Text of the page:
Finally, principals were surveyed to determine their perceptions about the graduates. One hundred and twenty surveys were sent to principals with a response rate of 55% (n=66). It is notable that their responses were overwhelming positive. Details of that data are below:
Principal Perception of LMA Teacher Quality
If you have LMA graduates teaching math, how would you rate their
effectiveness in math instruction? 84% effective or
very effective If you have LMA graduates teaching science, how would you rate their
effectiveness in science instruction?
86% effective or very effective Overall, to what extent do LMA graduates serve as instructional leaders in
your school (i.e., mentors, workshop facilitators, role models, etc.)?
84% to a great extent
Would you like to have more LMA graduates on your faculty? 91% yes Have you recommended the LMA program to your teachers? 77% yes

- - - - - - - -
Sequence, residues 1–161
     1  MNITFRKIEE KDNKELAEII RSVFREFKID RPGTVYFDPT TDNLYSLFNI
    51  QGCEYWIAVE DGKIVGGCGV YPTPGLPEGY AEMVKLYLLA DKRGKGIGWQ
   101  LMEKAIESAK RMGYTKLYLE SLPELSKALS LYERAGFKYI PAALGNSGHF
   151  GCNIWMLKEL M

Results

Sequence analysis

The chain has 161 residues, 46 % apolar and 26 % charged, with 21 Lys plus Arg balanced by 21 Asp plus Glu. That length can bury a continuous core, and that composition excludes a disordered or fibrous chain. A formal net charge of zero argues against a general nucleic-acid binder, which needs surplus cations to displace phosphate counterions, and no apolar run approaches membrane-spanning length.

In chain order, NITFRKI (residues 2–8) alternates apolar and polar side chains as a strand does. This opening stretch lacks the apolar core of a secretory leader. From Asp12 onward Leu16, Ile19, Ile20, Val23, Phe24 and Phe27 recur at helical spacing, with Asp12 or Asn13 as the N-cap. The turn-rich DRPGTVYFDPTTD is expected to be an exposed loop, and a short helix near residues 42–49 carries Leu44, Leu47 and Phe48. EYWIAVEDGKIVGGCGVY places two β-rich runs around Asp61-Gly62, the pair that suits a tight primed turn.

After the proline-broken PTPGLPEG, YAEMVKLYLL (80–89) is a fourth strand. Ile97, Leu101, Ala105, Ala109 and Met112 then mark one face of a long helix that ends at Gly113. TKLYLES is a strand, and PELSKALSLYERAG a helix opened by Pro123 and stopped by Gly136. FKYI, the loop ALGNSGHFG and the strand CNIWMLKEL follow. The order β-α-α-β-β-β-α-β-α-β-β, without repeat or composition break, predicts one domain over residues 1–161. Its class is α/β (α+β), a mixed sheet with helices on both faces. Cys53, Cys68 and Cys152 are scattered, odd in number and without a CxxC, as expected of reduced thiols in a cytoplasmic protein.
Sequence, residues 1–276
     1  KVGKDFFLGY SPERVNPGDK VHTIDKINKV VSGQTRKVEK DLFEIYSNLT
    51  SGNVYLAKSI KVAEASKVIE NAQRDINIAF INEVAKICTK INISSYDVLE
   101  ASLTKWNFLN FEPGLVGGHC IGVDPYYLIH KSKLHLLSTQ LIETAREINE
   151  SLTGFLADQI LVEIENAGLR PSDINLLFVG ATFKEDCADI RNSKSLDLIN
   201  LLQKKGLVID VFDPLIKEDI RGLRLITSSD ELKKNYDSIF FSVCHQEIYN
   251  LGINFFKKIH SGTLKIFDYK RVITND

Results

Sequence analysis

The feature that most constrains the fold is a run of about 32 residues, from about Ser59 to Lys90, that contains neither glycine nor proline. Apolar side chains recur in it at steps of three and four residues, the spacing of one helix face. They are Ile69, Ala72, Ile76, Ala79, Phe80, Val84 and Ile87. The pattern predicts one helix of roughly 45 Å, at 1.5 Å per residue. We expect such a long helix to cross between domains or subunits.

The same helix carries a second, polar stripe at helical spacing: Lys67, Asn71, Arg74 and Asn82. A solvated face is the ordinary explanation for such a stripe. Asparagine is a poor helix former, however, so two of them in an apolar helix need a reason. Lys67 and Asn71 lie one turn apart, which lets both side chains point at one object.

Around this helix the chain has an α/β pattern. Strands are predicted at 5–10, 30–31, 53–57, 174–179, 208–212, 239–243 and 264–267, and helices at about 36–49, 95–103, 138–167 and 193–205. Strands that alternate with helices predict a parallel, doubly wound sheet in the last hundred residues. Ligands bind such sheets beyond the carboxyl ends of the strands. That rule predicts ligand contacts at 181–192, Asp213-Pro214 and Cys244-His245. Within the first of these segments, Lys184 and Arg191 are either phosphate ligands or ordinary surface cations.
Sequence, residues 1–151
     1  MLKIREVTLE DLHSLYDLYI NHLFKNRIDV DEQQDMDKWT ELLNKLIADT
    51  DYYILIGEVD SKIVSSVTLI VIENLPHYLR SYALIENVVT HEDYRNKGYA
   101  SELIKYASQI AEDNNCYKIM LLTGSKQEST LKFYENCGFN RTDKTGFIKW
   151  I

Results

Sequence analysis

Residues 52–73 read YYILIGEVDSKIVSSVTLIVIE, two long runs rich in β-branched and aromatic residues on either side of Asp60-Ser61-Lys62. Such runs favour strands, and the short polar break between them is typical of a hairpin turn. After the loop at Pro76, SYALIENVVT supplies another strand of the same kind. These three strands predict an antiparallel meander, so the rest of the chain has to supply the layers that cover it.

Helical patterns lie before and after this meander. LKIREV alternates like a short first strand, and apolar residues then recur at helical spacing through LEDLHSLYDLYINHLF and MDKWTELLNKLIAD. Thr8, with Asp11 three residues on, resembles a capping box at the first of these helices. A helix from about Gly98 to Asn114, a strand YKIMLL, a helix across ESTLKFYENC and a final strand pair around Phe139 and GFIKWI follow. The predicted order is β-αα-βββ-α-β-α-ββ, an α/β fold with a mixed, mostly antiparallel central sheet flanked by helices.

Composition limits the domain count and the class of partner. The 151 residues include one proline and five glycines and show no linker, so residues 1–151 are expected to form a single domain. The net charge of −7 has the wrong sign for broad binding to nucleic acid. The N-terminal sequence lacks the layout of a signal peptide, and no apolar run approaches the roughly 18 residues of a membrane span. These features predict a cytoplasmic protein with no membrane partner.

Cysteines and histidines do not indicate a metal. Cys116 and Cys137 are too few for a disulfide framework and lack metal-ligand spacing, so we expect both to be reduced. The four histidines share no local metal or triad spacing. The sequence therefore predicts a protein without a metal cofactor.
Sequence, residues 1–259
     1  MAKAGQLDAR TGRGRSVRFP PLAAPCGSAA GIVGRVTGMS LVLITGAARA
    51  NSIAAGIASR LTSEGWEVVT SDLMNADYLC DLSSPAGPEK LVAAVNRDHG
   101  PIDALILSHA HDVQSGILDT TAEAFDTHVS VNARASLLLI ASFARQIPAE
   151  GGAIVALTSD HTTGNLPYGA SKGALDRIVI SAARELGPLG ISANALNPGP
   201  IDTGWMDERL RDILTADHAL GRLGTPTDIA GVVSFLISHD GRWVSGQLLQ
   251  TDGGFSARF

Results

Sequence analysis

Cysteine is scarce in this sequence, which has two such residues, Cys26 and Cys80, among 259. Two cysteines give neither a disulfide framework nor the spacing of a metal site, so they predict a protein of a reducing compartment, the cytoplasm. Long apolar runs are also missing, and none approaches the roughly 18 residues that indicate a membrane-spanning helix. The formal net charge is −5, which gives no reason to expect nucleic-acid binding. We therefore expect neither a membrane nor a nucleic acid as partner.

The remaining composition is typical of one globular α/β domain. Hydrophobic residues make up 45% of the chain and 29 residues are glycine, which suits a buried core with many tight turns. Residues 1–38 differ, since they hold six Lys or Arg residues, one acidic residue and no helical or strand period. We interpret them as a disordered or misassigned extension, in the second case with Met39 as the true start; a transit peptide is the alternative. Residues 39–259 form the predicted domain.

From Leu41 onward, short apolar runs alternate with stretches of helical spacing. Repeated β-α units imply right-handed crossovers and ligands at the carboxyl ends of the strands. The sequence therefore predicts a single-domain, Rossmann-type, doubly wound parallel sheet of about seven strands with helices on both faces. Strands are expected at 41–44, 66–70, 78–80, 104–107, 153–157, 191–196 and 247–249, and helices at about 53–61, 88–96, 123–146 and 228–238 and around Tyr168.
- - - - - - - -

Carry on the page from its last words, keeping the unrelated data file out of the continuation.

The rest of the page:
0 10 20 30 40 50 60 70 80 90
Percent Receiving 4 or 5
Design Implement Content Culture Rating
Wave I Wave II New Scholars
D. Provide examples of evidence that demonstrate the program’s positive impact on graduates’ ability to improve P-12 pupil learning.
The gold standard of evidence of improvement in pupil learning, currently, seems to be standardized test results. In Florida, this means the Florida Comprehensive Assessment Test (FCAT). Data collected and analyzed to date does provide evidence of the effects of the LMA program on the pupils of its graduates. Academic year 2002 mathematics FCAT scores were obtained for 476 pupils of LMA graduates; their mean scores (normed and/or criterion) were compared, by grade, to statewide mean scores. As can be seen below, the LMA-related scores were significantly higher than the state scores in all grades except fifth (and those fifth-grade LMA related scores were higher than the district means for fifth grade).
2002 FCAT Scores for Students of LMA Teachers Compared to State Means Comparison to State Mean Criterion
Comparison to State Mean Normed Score
e df p= Mean Difference Grade df p= Mean Difference